775 F.2d 1017
Elmo BLASI, Plaintiff-Appellant,
Robert W. WILLIAMS, et ux., et al., Defendants-Appellees.
United States Court of Appeals,
Argued and Submitted July 11, 1985.
Decided Oct. 31, 1985.
Alan M. Kyman, Scottsdale, Ariz., for plaintiff-appellant.
William R. Hayden, Snell & Wilmer, Phoenix, Ariz., for defendants-appellees.
Appeal from the United States District Court for the District of Arizona.
Before FERGUSON, NORRIS and WIGGINS, Circuit Judges.
In this case, Blasi, was discharged from his position with the State of Arizona. He appealed that decision to the Arizona Personnel Board which recommended that Blasi's termination be upheld. As authorized by Arizona law, Blasi thereupon filed suit in the Arizona Superior Court seeking reinstatement to his former position and back pay. Arizona law precluded an award of attorneys fees, or punitive damage against his employer, if he prevailed in his Superior Court suit. Blasi prevailed in State Court. While appeals were pending from this state judgment, Blasi filed the present action in the United States District Court alleging that his dismissal was the result of constitutional violations allegedly committed by his employer, the State of Arizona. He sought reinstatement, back pay, attorneys fees and punitive damages.
The district court dismissed Blasi's federal action on grounds of res judicata. He appeals.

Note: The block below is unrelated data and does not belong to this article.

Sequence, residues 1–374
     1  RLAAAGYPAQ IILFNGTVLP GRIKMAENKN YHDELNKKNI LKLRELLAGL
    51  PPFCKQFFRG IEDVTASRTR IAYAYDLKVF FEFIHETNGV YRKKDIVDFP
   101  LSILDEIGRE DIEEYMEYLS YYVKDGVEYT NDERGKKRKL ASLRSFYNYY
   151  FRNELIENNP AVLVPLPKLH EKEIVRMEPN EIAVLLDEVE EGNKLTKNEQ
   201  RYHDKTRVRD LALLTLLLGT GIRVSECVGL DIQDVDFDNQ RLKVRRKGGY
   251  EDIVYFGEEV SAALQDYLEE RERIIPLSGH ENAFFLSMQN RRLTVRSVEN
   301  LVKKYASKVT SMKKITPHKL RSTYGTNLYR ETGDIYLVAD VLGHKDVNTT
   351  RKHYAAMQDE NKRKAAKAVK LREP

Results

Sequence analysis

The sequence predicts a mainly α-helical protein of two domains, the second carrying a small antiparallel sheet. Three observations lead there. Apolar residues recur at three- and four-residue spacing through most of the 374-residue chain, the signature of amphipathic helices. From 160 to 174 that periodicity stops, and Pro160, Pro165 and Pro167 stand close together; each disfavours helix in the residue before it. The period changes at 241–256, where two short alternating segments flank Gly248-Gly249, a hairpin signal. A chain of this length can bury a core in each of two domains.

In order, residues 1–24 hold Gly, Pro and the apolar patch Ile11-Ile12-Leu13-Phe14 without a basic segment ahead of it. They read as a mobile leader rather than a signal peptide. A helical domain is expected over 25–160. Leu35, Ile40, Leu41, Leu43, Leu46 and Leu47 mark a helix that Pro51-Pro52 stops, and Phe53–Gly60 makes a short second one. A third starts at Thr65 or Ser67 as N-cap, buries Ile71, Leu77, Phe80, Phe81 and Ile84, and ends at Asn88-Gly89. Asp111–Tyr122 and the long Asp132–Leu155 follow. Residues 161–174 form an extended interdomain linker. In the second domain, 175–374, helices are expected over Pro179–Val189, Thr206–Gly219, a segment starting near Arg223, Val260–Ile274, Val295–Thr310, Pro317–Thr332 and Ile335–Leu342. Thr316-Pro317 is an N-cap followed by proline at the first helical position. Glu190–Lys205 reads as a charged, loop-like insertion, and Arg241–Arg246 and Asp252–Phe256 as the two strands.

We have addressed the substantive issues in this case in an unpublished memorandum and affirm the judgment. We write here because this circuit has not declared a standard of review for considering the availability of res judicata in this context. We hold that the proper standard of review here is de novo.
In Davis & Cox v. Summa Corp., 751 F.2d 1507, 1519 (9th Cir.1985), this court adopted a de novo standard for reviewing the question of the availability of collateral estoppel. (Whether collateral estoppel is available is a mixed question of law and fact in which the legal issues predominate). The same standard is appropriate for determining the availability of res judicata. Whether an identity of parties and causes exist in successive cases also is a mixed question of law and fact in which the legal issues predominate.